Stingray Traffic Manager 9.0 Ties Software with Contollers

San Francisco, Calif.-based Riverbed announced its new Stingray Traffic Manager 9.0, saying it combines the application delivery controller (ADC)  with its Aptimizer Web content optimization software. Naveen Prabhu, a senior product marketing manager at Riverbed pointed to research by various players including Forrester Research, Google and Microsoft that concluded that anytime a user has to spend more than 250 milliseconds more on one site than another. Since many application environments already have ADCs, Riverbed sees adding Web site optimization to them as a natural extension.

Prabhu said traditionally ADCs sit in front of Web application servers and are used to optimize inbound traffic. Riverbed offers its own ADCs or software that plugs into those offered by Cisco, Citrix and F5 Networks, among others. These controllers provide TCP and SSL offload, making back end Web servers more scalable and reliable. By adding the Aptimizer component to the ADC, Riverbed says it combines HTML and CSS to reduce server round trips, delivers multiple images simultaneously, performs image compression and resampling to eliminate the transmission of redundant data, reduces JavaScript transmissions that otherwise impede traffic and shards domains to optimize content delivery.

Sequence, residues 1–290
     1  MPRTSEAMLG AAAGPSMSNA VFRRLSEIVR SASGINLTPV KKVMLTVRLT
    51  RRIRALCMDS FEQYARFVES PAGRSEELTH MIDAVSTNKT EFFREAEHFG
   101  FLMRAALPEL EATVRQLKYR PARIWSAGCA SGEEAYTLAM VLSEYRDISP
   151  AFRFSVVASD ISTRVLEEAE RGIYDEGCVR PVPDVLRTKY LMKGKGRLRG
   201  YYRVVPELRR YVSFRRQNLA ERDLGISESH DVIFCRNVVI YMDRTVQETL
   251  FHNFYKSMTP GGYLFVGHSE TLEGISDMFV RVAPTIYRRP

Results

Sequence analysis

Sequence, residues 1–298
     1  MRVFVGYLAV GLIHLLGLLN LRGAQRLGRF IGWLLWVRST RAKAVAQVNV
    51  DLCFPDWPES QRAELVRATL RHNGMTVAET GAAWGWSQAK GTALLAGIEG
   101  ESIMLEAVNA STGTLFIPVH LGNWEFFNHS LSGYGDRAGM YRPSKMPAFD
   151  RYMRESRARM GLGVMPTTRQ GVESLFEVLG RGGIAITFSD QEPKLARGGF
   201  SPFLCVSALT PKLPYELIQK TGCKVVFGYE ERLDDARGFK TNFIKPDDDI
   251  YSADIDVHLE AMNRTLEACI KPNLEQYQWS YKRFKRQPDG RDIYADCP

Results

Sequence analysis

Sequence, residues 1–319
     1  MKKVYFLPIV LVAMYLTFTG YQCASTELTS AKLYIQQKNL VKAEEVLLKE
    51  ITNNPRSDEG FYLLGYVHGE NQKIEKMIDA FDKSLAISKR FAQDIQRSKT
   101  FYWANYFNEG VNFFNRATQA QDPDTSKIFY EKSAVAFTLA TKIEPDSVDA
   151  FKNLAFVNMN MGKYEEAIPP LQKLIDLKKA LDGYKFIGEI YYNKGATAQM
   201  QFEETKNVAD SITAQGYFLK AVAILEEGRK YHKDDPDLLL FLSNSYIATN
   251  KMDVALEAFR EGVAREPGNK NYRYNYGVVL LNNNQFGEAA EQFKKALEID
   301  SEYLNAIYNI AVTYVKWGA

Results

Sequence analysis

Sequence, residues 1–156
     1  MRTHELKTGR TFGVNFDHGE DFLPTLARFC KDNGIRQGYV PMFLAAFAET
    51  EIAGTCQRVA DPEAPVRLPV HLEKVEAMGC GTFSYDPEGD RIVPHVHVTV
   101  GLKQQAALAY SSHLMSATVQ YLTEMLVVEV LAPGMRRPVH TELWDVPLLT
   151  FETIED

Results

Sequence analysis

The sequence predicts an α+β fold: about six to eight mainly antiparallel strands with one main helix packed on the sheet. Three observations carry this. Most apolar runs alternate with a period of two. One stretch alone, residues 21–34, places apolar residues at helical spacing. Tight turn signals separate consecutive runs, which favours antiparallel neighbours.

This software offering is typically found in virtual data centers and cloud environments, according to Prabhu. "This is the only ADC or load balancer that's purpose built for the cloud because it's designed to take advantage of your off the shelf hardware and you can add more performance just by throwing more hardware at it," he said. Stingray is used by a number of prominent cloud providers including Amazon Web Services, Joyent, RightScale and Rackspace, Prabhu said.

Until now, Riverbed offered the optimization technology as a plug-in to Windows IIS and SharePoint servers but now the company is integrating it into the Stingray ADC (as a license upgrade). Riverbed is also now offering the optimization software as a VM for virtual and cloud environments.

The company also revamped the developer edition for its ADC to include the Web content optimization component. It's a free virtual machine that developers can use to perform development tasks, QA and testing. Because Aptimizer will scan all the Web content that a developer is writing, it will automatically cache, resize and optimize content by merging JavaScript and style sheets, eliminating a task manually preformed by developers, thereby simplifying the process of performance tuning.

The new software costs $18,500 and covers up to 250,000 page views. For those requiring more capacity the cost is $7,500 for each additional 250,000 page views.

About the Author

Jeffrey Schwartz is editor of Redmond magazine and also covers cloud computing for Virtualization Review's Cloud Report. In addition, he writes the Channeling the Cloud column for Redmond Channel Partner. Follow him on Twitter @JeffreySchwartz.